Burundi massacre victims denied justice
A troupe of drummers arrived in Gatumba camp the day before the massacre singing religious songs and blowing on whistles.
Survivors recognised some of the drummers among the attackers who returned that night armed with Kalashnikovs, machetes, grenades and cans of petrol and matches. They’d been sent as spies to identify two large tents that housed 760 refugees from Congolese ethnic minority the Bunyamulenge Tutsis.
When the Bunyamulenge fled ethnic attacks in South Kivu province in the Democratic Republic of Congo they thought they were safe in a United Nations refugee camp across the border in Burundi. But on August 13 2004 attackers shot, hacked and burned 166 refugees to death, seriously injuring another 106. The survivors were evacuated to Kenya, and most ended up in the United States.
The then North Kivu deputy governor Thomas Nziratimana arrived in Gatumba the next morning. “What I saw that day was beyond words. I saw burned bodies of babies that looked like charred wood,” he said at a ceremony held in Pretoria commemorating the massacre. “The survivors told us the attackers trapped them at the entrance to the tents and hacked and burned people to death as they tried to escape.”
Delegates at the Pretoria commemoration last week and Human Rights Watch called on the perpetrators to be brought to book.
The attacks were carried out by Burundian Hutu rebel National Liberation Force (FNL), some Hutu aligned Mai Mai militias and former genocidaires living in the DRC.
The Burundian government issued international arrest warrants in 2004 for FNL leaders Agathon Rwasa and its spokesman Pasteur Habimana after the rebels took responsibility for the massacre, but these have never been implemented. Both live in Burundi and their whereabouts are known to the authorities.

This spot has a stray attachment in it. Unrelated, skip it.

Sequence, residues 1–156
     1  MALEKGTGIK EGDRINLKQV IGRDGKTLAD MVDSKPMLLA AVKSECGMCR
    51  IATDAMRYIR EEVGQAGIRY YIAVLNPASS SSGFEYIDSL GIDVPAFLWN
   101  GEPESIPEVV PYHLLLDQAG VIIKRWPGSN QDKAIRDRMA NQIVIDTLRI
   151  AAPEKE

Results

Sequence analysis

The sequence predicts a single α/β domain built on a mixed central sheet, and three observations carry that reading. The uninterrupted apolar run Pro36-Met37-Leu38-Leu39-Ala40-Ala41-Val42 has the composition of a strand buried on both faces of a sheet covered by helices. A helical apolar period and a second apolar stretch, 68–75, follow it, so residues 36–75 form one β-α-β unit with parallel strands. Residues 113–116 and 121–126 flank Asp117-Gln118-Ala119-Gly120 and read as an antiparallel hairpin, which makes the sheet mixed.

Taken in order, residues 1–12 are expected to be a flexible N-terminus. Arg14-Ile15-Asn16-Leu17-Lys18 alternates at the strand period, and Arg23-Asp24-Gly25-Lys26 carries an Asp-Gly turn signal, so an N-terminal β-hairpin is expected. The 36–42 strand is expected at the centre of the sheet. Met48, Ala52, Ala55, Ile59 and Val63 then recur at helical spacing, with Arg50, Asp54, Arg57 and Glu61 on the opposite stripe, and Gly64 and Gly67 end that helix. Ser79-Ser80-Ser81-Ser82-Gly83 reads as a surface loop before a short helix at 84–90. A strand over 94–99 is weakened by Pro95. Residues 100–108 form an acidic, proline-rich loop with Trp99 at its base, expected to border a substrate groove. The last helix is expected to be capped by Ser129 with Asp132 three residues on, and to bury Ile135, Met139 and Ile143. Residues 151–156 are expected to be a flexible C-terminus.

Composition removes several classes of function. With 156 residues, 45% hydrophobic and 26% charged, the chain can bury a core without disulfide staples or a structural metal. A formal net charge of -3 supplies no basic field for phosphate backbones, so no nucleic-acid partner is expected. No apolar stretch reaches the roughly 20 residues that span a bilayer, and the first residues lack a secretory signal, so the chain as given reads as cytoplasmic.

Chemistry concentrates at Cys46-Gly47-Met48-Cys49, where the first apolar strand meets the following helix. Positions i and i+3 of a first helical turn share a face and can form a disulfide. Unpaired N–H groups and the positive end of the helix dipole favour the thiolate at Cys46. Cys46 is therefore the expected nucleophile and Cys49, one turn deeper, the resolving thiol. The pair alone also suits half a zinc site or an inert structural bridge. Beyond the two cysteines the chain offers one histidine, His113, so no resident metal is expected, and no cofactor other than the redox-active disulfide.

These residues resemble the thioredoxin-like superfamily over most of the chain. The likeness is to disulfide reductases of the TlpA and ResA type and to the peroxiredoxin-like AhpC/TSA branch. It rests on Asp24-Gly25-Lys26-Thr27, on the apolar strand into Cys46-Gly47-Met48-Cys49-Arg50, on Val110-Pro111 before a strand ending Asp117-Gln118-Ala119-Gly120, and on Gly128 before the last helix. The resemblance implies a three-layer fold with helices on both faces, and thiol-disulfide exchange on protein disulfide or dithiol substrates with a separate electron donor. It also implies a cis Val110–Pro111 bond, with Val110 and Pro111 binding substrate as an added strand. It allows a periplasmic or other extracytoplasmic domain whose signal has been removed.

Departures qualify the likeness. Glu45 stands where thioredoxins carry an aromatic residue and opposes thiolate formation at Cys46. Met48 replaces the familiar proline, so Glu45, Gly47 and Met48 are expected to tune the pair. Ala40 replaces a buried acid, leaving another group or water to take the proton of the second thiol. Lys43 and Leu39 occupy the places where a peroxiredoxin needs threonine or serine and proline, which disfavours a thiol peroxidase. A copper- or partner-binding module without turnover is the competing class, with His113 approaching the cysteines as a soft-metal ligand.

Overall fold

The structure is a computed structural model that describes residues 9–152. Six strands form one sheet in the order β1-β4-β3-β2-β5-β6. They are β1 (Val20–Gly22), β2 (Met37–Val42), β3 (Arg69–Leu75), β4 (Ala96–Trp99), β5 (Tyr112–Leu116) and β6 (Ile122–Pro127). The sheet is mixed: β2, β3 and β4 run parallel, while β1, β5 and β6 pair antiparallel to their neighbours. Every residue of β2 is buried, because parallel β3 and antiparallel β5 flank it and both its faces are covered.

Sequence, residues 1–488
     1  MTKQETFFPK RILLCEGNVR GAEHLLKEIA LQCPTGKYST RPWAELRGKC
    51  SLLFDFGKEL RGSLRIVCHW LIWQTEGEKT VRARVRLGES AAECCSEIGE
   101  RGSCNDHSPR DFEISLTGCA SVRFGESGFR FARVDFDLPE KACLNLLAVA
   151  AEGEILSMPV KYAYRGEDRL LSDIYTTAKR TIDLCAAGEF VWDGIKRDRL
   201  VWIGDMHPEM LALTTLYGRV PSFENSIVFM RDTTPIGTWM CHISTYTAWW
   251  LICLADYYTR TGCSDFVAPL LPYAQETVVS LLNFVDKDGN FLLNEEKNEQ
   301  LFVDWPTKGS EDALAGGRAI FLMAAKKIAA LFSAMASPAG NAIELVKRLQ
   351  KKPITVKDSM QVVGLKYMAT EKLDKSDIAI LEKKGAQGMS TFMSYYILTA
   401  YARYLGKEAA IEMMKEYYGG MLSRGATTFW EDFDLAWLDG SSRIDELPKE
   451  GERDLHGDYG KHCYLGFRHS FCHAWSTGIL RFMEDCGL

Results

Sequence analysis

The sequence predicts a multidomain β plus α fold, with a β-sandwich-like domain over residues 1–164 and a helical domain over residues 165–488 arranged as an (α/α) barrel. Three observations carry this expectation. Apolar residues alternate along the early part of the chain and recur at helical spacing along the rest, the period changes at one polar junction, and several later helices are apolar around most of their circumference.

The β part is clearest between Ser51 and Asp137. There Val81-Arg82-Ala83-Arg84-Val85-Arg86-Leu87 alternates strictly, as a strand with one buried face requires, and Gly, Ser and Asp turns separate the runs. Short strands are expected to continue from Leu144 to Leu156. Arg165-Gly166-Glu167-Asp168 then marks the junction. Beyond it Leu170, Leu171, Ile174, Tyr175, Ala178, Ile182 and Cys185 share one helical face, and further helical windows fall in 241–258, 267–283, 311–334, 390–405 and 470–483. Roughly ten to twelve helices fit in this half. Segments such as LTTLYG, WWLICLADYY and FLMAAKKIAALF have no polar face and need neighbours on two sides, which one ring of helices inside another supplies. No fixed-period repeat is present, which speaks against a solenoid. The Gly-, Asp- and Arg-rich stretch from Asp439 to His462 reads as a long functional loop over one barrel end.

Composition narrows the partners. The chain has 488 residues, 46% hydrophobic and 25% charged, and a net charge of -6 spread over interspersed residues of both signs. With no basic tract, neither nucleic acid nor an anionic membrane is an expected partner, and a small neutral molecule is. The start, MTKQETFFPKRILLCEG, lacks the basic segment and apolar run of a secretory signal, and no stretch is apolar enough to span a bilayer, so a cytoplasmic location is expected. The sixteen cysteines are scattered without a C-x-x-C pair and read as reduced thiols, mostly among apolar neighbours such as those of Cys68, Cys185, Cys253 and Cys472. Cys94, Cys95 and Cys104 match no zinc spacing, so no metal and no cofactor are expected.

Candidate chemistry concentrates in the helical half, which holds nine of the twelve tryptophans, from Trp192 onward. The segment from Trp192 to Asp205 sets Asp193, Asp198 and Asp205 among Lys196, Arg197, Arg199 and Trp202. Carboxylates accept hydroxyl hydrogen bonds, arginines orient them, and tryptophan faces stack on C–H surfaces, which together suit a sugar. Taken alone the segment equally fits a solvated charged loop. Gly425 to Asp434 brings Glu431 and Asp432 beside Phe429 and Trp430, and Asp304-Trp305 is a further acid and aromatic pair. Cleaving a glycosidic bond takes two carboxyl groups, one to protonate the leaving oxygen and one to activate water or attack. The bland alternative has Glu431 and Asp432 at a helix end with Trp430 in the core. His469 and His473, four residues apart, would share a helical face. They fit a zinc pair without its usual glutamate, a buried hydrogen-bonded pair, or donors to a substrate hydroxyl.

“The international community focused on peace but ignored justice,” said Congolese author Alexis Mvuka. “Thabo Mbeki sent a strong message of condemnation when the massacres happened but South Africa did not respond. If any country can do more it’s South Africa.”
Human Rights Watch’s Africa director Daniel Bekele told Reuters this week that Burundi’s government should mark the anniversary by ending impunity for the killings. “The killings have been well-documented, yet 10 years later, no one has been prosecuted."
Both Nelson Mandela and Jacob Zuma were mediators in the peace process to end the civil war in Burundi. The FNL rebels disarmed and became a political party in 2009 although some fighters remain active in Burundi and the eastern DRC.
South Africa currently has 850 combat troops, mostly from 5 SA Infantry Battalion in Ladysmith, fighting rebel groups in the eastern DRC as part of the United Nations Force Intervention Brigade.
Burundians go to the polls next year with president Pierre Nkurunziza vying for a third term amid widespread reports of a violent crackdown by the ruling party on its opponents.
In 2010 opposition leaders boycotted the elections alleging fraud and intimidation, leaving incumbent Nkurunziza as the only candidate.